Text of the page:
This is the command algotutor that can be run in the OnWorks free hosting provider using one of our multiple free online workstations such as Ubuntu Online, Fedora Online, Windows online emulator or MAC OS online emulator
algotutor - an interactive program for observing the intermediate steps of algorithms.
algotutor [OPTION] ... DATA ...
algotutor is an interactive program for observing the intermediate steps of algorithms.
The target audience is computer science students and/or anyone who studies algorithms
and/or data structures. One can create data files in plain text format (actually perl
anonymous hashes, but one need not care) and let algotutor runs through some predefined
algorithm. Then one can step backward and forward through the execution sequence of the
algorithm at different levels of details. It requires perl-Tk.
DATA is the input data. For the dynamic programming algorithms such as lcs and matc,
please see the respective entries in the following list; for other algorithms, it is the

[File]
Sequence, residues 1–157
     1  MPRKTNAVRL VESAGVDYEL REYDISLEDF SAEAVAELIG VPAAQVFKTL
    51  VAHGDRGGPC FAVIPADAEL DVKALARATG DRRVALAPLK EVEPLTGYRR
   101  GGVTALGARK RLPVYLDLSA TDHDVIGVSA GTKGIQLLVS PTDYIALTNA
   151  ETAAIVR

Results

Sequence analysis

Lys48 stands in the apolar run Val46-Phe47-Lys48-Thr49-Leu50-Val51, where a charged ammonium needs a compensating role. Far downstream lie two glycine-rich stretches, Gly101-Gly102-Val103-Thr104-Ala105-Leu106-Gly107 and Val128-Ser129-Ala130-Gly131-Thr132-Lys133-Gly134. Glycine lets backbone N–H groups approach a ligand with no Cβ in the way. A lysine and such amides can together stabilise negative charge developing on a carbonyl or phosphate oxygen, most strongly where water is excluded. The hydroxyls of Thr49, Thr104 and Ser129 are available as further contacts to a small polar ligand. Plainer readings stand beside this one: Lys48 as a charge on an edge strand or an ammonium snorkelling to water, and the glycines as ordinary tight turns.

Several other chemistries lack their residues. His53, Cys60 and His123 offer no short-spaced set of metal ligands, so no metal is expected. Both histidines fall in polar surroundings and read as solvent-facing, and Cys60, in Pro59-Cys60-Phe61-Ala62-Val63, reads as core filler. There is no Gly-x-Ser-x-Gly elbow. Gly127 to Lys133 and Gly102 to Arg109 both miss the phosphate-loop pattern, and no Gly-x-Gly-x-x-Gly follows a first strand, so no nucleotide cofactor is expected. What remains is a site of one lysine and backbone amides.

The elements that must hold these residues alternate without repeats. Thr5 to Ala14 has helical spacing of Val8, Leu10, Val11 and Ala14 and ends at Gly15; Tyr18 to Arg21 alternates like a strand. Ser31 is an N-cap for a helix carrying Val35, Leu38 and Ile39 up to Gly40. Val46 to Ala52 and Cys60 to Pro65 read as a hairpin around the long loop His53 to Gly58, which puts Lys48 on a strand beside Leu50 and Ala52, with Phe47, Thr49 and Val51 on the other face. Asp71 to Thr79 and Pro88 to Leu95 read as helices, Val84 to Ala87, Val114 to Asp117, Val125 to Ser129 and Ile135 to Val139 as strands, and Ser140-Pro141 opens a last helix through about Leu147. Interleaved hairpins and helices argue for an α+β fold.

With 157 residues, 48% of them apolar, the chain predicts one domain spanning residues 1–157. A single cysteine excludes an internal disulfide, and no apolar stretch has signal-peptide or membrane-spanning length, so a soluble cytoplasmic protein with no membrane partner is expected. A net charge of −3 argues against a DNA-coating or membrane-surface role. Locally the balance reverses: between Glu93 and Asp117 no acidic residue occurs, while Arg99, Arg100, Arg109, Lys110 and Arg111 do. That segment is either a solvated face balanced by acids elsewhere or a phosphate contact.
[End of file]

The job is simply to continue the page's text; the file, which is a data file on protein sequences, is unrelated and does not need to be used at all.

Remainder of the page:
file name containing the actual input data.
Runs the algorithm ALGO. Currently ALGO can be one of:
bst operations on binary search trees
rbt operations on red-black trees (remove() is not implemented yet)
heap operations on heaps -- the remove operation on a heap always removes the top
element regardless of the argument
sbs stack-based search on graphs, a variant of depth first search
bfs breadth first search on graphs
prim Prim's minimal spanning tree on graphs
dijk Dijkstra's single-source shortest path on graphs
flwa Floyd-Warshall's all-pair shortest path on graphs (very, very slow)
dom 2-dimensional point domination
graham Graham's scan for convex hull
lcs longest common subsequence -- it requires two strings as the command line
arguments. For example, "algotutor -a lcs AGCTATACGATGACT GTCAGTATAGTCATATG"
matc optimal matrix chain multiplication -- it requires an alternating sequence of
integers and matrix names as the command line arguments. For example, "algotutor -a
matc 32 A 35 B 24 C 30 D 36 E 25 F 40 G 34 H 35" means finding the optimal
multiplication sequence of the chain of matrices: A of size 32 by 35, B of size 35 by
24, ... H of size 34 by 35.
Use VERTEX as the starting vertex (for sbs, bfs, prim, and dijk)
Display step STEP as the initial image.
Dump the picture into FILENAME as a ps file and exit immediately without going into
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